Book Review of “Yom Killer” by Ilene Schneider (Rabbi Aviva Cohen Mystery #3)
Yes, Rabbi Aviva Cohen is back, and she is just as feisty as ever. This time, when her mother lands in the hospital in a chemically induced coma after a fall in her assisted living facility, something doesn’t seem quite right. However, until her mother wakes up, she’s going to have a hard time figuring out what’s really going on. It doesn’t help that her straight-laced sister and her ex-husband the cop need to keep her out of harm’s way in the process. Worse, she has only the few days between the Jewish New Year and the holiest day in Judaism – Yom Kippur – to get it all done before she has to be back on her pulpit.
Where do I begin with reviewing this book? I could start with how I enjoy Schneider’s style. It is friendly, open and she makes me smile. With this third novel in the series, Aviva is really filling out – and by that, I don’t mean her weight, but rather her personality. More importantly, Schneider seems to have honed her voice much more in this book. There were times in her previous novels where I felt that she wasn’t completely comfortable with the narrative. Previously, I found some awkward passages and sections that needed some paring down, if not eliminated. This time, while there were some areas that I think she could have polished or shortened a bit more, I didn’t feel that there were any large superfluous sections at all. Overall, this book had a more consistent and cohesive feel to it, with far fewer blips to interrupt the flow of the story. (Mind you, admittedly sometimes my radar for these things is overly sensitive.)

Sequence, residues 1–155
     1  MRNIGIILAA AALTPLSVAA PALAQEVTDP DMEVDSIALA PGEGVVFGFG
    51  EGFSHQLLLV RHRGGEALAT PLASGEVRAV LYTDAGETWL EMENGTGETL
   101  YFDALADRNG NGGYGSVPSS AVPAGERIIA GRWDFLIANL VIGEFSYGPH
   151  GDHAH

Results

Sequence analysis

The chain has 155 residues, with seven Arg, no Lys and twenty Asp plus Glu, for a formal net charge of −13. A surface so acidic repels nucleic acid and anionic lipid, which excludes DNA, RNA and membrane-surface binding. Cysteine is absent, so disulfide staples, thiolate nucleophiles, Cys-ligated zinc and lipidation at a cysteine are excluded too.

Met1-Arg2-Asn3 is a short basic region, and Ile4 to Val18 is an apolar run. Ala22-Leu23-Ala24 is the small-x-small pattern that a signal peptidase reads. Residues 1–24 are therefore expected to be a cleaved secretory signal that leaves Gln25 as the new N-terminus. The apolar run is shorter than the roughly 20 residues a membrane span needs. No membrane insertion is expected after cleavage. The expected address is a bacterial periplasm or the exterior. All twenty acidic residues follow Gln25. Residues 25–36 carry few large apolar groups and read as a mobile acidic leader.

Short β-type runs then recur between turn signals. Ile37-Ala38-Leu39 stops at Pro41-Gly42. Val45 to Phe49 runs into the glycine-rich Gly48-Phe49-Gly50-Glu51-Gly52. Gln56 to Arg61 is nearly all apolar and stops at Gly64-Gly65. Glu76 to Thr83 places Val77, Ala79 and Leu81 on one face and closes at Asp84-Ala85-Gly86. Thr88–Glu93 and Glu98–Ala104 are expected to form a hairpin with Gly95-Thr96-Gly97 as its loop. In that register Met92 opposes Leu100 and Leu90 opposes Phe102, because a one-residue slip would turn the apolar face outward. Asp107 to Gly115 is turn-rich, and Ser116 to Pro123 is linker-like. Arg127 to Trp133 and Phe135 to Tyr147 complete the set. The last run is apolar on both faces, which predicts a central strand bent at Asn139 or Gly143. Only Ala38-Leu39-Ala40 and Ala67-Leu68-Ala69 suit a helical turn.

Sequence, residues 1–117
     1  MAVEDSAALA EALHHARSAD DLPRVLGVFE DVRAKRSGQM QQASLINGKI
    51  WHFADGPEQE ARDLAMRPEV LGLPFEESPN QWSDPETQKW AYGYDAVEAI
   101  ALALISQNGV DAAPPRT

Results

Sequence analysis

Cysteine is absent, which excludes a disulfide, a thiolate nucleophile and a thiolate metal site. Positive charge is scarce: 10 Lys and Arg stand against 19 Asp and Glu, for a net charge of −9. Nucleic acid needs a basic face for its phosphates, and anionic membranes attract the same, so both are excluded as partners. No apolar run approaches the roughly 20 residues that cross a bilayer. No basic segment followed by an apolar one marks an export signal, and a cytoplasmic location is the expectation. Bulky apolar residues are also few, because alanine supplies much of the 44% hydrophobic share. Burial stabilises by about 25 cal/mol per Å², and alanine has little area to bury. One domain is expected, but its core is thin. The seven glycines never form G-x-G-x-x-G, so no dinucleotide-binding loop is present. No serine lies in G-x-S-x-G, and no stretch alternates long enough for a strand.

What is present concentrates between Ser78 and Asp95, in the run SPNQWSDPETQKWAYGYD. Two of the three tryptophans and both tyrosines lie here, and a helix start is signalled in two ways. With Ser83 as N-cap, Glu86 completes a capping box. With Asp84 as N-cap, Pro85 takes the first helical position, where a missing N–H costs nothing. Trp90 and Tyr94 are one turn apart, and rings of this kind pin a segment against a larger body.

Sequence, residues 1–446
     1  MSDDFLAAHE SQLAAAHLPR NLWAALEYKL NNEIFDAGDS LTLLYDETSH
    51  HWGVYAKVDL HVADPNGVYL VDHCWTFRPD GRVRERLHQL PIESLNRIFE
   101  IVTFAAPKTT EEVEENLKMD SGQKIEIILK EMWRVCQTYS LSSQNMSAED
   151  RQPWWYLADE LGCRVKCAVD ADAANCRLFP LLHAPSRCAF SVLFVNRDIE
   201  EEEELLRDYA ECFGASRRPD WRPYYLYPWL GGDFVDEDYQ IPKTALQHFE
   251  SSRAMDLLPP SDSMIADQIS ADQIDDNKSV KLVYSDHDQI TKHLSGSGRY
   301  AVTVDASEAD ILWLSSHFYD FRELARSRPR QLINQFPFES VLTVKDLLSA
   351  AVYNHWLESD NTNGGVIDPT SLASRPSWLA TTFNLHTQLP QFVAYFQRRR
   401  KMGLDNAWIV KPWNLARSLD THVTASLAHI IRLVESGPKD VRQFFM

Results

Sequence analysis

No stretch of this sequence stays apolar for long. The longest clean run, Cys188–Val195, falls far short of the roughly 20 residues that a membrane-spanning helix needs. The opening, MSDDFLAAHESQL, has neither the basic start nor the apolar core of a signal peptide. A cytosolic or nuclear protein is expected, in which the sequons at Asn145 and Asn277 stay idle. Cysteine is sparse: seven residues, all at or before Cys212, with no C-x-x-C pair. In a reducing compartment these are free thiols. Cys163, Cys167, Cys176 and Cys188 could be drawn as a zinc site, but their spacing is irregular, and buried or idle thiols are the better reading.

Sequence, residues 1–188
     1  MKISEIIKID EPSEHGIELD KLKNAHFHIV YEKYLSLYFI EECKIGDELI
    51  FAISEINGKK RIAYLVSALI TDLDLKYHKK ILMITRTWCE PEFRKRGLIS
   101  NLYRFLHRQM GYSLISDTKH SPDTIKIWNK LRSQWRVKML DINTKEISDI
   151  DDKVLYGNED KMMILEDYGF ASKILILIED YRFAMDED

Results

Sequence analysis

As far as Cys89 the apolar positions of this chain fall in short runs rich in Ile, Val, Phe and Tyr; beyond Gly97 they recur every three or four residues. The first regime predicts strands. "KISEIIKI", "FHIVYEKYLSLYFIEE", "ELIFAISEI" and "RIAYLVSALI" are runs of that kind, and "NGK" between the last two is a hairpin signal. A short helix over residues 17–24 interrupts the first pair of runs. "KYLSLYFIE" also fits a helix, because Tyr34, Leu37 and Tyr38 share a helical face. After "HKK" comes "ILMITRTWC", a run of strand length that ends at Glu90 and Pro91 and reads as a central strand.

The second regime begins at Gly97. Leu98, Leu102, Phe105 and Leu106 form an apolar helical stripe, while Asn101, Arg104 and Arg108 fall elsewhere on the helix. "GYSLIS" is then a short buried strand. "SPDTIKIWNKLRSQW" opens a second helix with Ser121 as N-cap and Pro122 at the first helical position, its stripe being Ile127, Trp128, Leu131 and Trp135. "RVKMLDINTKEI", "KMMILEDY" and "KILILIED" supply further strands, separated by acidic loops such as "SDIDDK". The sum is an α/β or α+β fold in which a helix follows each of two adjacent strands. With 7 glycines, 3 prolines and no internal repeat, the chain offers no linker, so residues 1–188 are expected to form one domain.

The story this time is also slightly different from Schneider’s earlier works. This one doesn’t involve investigating one murder in particular, but rather a conspiracy, that may have included murder. More importantly, this book makes somewhat of a political statement regarding privatization of elderly care systems. Schneider seems to say that the levels of greed within such systems can lead to the type of corruption that both literally and figuratively kills its clients. Greed has always been a motive for many different kinds of criminal acts, and this makes Schneider’s scenario even more plausible. As an aside, I’m hoping that this sort of thing doesn’t really happen in privatized elderly care the US these days (and I hope this story isn’t a harbinger for the future).
Despite this gloomy outlook, what makes me enjoy Schneider’s books so much is the humor that she includes. Rabbi Aviva’s self-depreciation and indulgences in food come together with her relationships creating situations you’ll not be able to stop yourself from giggling about. Of course, that doesn’t mean Aviva is any less aggressive and unconventional in getting things done, nor any less adorable than we’ve already witnessed. This of course, makes all of her characters even more endearing. However, I have to admit that I was a bit surprised at how Schneider portrayed Aviva’s sister in this book, considering how she talked about her in the previous novels. I’m not sure that this portrayal was true to character, but I can understand why she decided to take the route, which aligned with the whole “asking forgiveness” theme of Yom Kippur – the Jewish day of Atonement.
In short, Schneider succeeded in bringing all of these elements together to make a real pleasure of a read. When times are tough, having something like that can be a true blessing, and I believe that Schneider did me a “Mitzvah” by letting me read this book. I hope I can return the compliment by giving it a rating of four and a half stars out of five (although to be totally honest, it really deserves just slightly less than this, but I don’t have quarter stars, so I’m rounding up here)! Go on, indulge yourself and read something fun for a change!
“Yom Killer” by Ilene Schneider is available from Amazon, Barnes & Noble, The Book Depository (free worldwide delivery), new or used from Alibris, used from Better World Books (promoting libraries and world literacy) as well as from an IndieBound store near you. I would like to thank the author for sending me a copy of this book in exchange for a fair review.
You can read my reviews of Schneider’s other novels here: